Fax Machine Formally Dubbed a Relic of the Past

by Mary Wisniewski

Love. College. Sweatpants. Not everything is easy to let go. For certain auto dealerships, fax machines make it on this hardtopart-with list, even though the devices are passé for sending in credit applications to lenders nowadays, with companies like Finance Express LLC, RouteOne LLC and DealerTrack Inc. offering dealerships Web-based technology to quicken the process, say industry insiders.

“I’m not aware of many dealers who communicate via fax to their lenders,” says Brad Miller, associate director of legal and regulatory affairs at the National Automobile Dealers Association.

The dealers who use the fax machine for this purpose are generally smaller, independent dealerships that align themselves with smaller lenders, says Michael Flashner, vice president of operations at Finance Express, a Web-based dealer management system exclusively designed for independent dealers.

“The larger lender is less willing to accept a faxed application,” Flashner says, explaining some lenders hover between the two schools of thought, and hire servicing companies to keystroke the data in from dealers’ faxes, eliminating the paperwork hassle.

St. Paul, Minn.-based White Bear Lincoln Mercury uses DealerTrack and RouteOne for its deals with banks, but continues to use the fax machine for transactions with certain credit unions.

“The major thing is to fill out the form properly,” says Dave Christensen, finance director, explaining that one unique nuance to the credit applications sent through the fax machine is readability. A typeface, for one, can’t be too light or dark.

Another difference between the two methods is speed, says Christensen, explaining Web-based systems are much faster. Like White Bear, Simms Chevrolet rarely uses fax machine for credit transactions.

“Most of our stuff is done online,” says Bruce Simms, owner and manager.

Gil Van Over, president and founder of gvo3 & Associates, which specializes in developing and implementing compliance strategies within the F&I and sales departments, says if an independent dealer only sells 15 cars a month, software like DealerTrack or RouteOne might make less sense than a fax machine; otherwise few dealers use this method. Streamlining the funding process is where transmitting faxes prevails, says Van Over.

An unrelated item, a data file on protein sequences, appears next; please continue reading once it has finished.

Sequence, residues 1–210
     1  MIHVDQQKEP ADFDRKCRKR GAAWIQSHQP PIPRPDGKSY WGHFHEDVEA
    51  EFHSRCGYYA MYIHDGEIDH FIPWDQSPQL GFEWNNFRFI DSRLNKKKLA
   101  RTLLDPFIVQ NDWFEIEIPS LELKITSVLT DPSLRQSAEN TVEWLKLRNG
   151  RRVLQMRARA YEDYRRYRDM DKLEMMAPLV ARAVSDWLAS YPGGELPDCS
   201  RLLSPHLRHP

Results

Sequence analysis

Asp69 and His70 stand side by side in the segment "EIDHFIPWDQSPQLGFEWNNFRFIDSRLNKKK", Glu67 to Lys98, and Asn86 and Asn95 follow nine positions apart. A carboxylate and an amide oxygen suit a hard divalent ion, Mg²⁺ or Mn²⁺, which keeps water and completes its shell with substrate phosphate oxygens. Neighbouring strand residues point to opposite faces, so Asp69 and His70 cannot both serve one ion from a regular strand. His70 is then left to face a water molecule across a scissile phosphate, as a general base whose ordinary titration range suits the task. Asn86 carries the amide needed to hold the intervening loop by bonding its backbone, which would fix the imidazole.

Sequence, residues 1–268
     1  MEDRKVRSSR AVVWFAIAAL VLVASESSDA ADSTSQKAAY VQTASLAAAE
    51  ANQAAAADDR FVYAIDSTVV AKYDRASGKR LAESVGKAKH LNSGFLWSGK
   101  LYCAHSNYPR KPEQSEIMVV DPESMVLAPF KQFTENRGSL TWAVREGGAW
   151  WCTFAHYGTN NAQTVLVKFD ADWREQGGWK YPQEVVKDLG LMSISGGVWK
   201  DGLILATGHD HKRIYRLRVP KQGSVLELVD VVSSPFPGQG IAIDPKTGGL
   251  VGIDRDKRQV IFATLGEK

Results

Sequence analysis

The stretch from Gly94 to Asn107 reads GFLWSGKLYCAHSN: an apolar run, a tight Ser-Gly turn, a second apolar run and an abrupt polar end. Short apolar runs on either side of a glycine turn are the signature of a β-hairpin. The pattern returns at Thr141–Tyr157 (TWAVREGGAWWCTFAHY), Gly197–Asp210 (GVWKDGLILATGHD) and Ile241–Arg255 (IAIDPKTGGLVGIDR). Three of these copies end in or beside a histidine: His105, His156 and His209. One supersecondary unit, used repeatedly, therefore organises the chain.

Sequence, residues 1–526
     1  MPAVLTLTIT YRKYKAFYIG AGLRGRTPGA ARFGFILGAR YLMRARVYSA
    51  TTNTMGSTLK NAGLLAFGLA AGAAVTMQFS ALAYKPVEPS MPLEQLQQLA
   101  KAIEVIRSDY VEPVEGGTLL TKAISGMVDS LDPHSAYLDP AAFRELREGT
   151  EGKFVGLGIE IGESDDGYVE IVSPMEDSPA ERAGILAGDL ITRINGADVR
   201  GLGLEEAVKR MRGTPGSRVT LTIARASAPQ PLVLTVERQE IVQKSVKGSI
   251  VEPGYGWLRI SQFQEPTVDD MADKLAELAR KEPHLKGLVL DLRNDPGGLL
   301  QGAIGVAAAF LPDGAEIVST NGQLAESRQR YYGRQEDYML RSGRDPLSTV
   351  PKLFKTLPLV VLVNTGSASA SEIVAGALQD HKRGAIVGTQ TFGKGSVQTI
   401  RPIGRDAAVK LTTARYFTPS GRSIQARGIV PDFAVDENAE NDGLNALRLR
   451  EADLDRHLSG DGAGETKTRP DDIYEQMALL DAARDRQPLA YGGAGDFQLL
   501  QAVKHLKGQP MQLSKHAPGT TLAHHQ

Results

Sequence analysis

“They use the fax machine to transmit stipulations to the deal,” he says.

Although there are some unique benefits to faxing in material, there are also inevitable concerns.

“One of the problems with faxes is [the credit application] would get there and the information wasn’t readable,” Flashner says.

The ineligibility stems from the handwriting or the fax machine cutting off vital information, he says, noting another headache for the lender receiving the faxes is a big pile of paper that could lead to missing applications.

Becky Chernek, president and chief executive officer at Chernek Consulting Inc., says credit applications sent through the fax machine hold a certain amount of sensitive data, like Social Security numbers, that could be compromised. “It is unfortunate, but the recession has caused a halt in training and having a better awareness of compliance and better business practices,” Chernek says, iterating that falling out of compliance is a consequence of happenstance. The upside of faxing in credit applications is the lender knowing how the dealer filled out the application and whether the consumer signed the credit application, explains Flashner. The compliance concern — knowing whether the data the dealer filled in is representative of the customer — is the same for applications sent with or without paper.

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